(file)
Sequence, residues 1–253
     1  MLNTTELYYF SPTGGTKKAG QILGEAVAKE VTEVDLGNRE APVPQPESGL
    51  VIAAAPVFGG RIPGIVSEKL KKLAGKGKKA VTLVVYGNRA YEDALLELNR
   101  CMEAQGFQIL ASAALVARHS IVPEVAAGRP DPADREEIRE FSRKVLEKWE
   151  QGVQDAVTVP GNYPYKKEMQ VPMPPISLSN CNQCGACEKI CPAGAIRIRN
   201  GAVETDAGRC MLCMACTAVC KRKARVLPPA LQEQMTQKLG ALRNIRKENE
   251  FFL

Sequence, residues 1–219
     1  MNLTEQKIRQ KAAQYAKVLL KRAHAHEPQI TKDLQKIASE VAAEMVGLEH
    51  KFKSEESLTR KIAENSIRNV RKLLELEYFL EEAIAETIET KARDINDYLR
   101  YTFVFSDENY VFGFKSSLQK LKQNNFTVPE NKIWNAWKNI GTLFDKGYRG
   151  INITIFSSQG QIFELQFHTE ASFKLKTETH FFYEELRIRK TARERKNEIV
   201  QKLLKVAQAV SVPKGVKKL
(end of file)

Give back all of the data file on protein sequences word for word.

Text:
Sequence, residues 1–253
     1  MLNTTELYYF SPTGGTKKAG QILGEAVAKE VTEVDLGNRE APVPQPESGL
    51  VIAAAPVFGG RIPGIVSEKL KKLAGKGKKA VTLVVYGNRA YEDALLELNR
   101  CMEAQGFQIL ASAALVARHS IVPEVAAGRP DPADREEIRE FSRKVLEKWE
   151  QGVQDAVTVP GNYPYKKEMQ VPMPPISLSN CNQCGACEKI CPAGAIRIRN
   201  GAVETDAGRC MLCMACTAVC KRKARVLPPA LQEQMTQKLG ALRNIRKENE
   251  FFL

Sequence, residues 1–219
     1  MNLTEQKIRQ KAAQYAKVLL KRAHAHEPQI TKDLQKIASE VAAEMVGLEH
    51  KFKSEESLTR KIAENSIRNV RKLLELEYFL EEAIAETIET KARDINDYLR
   101  YTFVFSDENY VFGFKSSLQK LKQNNFTVPE NKIWNAWKNI GTLFDKGYRG
   151  INITIFSSQG QIFELQFHTE ASFKLKTETH FFYEELRIRK TARERKNEIV
   201  QKLLKVAQAV SVPKGVKKL